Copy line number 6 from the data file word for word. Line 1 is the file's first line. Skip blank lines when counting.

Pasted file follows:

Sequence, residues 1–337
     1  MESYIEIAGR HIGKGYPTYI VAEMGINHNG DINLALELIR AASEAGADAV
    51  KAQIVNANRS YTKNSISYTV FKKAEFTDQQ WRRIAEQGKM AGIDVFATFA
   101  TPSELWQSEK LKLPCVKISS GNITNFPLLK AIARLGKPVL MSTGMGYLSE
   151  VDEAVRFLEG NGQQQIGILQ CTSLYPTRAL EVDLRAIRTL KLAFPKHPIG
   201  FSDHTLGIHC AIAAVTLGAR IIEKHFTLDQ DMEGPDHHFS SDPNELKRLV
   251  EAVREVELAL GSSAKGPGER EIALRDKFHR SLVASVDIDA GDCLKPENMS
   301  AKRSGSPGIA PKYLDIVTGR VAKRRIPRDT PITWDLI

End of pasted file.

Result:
   201  FSDHTLGIHC AIAAVTLGAR IIEKHFTLDQ DMEGPDHHFS SDPNELKRLV